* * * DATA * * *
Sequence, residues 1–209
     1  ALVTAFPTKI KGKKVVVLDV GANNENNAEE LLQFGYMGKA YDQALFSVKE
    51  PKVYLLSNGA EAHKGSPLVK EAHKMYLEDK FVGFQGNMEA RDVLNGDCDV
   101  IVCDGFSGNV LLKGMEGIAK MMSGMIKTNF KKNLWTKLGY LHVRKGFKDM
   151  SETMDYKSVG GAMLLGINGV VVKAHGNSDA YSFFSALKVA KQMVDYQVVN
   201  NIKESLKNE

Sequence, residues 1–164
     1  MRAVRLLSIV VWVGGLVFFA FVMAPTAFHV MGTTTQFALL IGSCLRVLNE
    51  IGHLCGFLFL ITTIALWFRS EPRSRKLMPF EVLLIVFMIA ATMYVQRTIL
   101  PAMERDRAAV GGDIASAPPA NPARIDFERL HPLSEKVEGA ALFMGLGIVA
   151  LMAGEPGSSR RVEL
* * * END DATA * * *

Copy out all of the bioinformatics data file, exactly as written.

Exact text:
Sequence, residues 1–209
     1  ALVTAFPTKI KGKKVVVLDV GANNENNAEE LLQFGYMGKA YDQALFSVKE
    51  PKVYLLSNGA EAHKGSPLVK EAHKMYLEDK FVGFQGNMEA RDVLNGDCDV
   101  IVCDGFSGNV LLKGMEGIAK MMSGMIKTNF KKNLWTKLGY LHVRKGFKDM
   151  SETMDYKSVG GAMLLGINGV VVKAHGNSDA YSFFSALKVA KQMVDYQVVN
   201  NIKESLKNE

Sequence, residues 1–164
     1  MRAVRLLSIV VWVGGLVFFA FVMAPTAFHV MGTTTQFALL IGSCLRVLNE
    51  IGHLCGFLFL ITTIALWFRS EPRSRKLMPF EVLLIVFMIA ATMYVQRTIL
   101  PAMERDRAAV GGDIASAPPA NPARIDFERL HPLSEKVEGA ALFMGLGIVA
   151  LMAGEPGSSR RVEL